William Calvin's article described how greenhouse warming could lead to a drastic cooling, a catastrophe that could threaten the survival of civilization -- reinforcing my view that predicting long-term changes in the earth's weather is an unbelievably complex job and that we should take these predictions with a grain of salt. A host of nonscientific reasons motivate the proponents of the global-warming theory to conclude that the sky is falling.
First of all, man's ability to affect the average temperature of the earth may be insignificant, since more than 98 percent of the earth's hothouse effect is due to dust and water vapor in the atmosphere, and most of the CO2 in our atmosphere is not man-made but, rather, comes from natural sources. It's a bit of a stretch to conclude that the world is experiencing a global warming that is caused by the burning of fossil fuels, since most of the warming that occurred in this century took place before man began using enormous amounts of fossil fuel.
Second, as Calvin points out, the earth has always experienced temperature fluctuations, and it may simply be on its way back to its average temperature. Even the impact of higher levels of CO2 on our environment is not clear; an increase in CO2 might make the earth a more productive "garden of Eden."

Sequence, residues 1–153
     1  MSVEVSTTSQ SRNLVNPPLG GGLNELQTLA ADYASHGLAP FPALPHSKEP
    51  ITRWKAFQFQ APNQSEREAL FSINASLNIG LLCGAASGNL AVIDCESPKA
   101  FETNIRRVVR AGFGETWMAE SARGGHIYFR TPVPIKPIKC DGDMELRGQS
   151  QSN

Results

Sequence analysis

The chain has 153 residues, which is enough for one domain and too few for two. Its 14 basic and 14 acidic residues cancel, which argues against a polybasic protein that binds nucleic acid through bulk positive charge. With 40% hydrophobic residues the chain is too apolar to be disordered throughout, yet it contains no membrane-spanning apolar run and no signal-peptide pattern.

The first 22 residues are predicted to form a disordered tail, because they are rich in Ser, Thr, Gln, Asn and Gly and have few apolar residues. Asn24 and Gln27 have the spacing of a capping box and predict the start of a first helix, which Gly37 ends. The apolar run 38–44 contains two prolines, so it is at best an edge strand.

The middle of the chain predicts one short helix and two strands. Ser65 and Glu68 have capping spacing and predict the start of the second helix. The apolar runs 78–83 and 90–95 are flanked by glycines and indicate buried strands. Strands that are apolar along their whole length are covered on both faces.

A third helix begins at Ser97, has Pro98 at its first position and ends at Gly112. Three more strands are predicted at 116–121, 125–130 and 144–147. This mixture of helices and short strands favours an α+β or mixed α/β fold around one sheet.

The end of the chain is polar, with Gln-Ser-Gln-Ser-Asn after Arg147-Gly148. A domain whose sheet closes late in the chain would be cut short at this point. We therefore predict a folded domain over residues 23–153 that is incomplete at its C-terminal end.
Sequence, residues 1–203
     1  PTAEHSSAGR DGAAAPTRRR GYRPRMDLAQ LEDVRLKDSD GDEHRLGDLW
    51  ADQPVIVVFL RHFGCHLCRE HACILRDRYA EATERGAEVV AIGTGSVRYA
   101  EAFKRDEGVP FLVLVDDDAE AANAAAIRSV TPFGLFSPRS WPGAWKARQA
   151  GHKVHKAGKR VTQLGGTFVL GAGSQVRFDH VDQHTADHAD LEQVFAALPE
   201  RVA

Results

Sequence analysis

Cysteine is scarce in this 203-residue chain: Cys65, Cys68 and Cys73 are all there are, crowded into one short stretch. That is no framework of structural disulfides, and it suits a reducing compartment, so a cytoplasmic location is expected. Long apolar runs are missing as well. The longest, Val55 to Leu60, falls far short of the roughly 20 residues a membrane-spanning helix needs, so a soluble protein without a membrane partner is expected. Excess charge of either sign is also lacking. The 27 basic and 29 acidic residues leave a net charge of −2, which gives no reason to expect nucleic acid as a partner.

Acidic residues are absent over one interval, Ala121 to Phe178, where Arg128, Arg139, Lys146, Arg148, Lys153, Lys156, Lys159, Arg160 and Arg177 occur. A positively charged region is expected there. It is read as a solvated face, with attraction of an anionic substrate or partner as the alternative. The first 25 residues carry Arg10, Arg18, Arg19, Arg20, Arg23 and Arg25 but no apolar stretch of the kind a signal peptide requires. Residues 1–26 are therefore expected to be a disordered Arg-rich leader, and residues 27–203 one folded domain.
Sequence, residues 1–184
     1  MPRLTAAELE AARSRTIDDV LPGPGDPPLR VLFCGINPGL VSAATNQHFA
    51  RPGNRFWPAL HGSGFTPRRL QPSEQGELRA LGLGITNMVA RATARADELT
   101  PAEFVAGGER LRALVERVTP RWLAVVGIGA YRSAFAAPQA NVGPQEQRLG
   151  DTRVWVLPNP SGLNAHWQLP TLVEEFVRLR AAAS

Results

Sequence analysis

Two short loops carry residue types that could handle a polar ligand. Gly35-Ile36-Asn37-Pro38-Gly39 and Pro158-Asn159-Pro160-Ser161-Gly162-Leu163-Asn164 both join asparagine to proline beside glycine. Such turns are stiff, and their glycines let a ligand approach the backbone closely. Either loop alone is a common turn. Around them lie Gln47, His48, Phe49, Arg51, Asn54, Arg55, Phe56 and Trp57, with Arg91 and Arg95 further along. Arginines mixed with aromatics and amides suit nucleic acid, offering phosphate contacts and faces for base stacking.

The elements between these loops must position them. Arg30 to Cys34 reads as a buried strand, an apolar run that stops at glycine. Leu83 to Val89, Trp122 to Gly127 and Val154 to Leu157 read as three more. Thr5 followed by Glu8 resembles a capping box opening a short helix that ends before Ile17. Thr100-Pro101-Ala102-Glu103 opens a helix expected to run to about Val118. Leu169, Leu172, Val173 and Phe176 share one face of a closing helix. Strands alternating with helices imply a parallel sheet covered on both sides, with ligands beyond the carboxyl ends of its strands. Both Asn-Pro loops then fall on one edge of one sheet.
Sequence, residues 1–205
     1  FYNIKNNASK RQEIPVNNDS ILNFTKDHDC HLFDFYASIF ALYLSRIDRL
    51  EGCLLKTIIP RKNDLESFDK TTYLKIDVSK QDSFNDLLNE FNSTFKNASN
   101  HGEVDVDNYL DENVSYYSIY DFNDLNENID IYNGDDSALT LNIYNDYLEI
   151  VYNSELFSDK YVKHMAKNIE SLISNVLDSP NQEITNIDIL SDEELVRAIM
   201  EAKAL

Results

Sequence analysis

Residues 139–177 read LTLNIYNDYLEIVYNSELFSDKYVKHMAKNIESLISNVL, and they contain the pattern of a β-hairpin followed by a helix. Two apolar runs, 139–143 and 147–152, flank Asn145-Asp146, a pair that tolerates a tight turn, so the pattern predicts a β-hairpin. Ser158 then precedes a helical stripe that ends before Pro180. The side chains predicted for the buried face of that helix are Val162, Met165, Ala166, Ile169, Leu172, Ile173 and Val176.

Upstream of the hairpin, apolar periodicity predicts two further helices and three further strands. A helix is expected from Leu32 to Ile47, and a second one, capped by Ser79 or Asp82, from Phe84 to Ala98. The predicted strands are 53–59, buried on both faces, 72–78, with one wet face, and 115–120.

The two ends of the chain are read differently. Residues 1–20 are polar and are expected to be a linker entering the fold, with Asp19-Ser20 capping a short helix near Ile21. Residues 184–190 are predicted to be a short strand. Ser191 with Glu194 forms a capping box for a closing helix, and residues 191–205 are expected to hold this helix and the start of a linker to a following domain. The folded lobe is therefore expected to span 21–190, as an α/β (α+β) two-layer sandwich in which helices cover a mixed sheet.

Inayat I. Lalani suggests a space-engineering solution to overheating. But, as I repeatedly emphasized, gradual warming is not the only means by which the Nordic heat pump might fail and trip a catastrophic global cooling. That's why we must secure the bi-stable climate mechanism against all threats. Lalani's final sentence, concerning nuclear blasts, is a reckless exaggeration; blowing up ice dams across fjords needs only highway-construction amounts of explosive, because the exiting water does the rest of the work (that's how dams fail).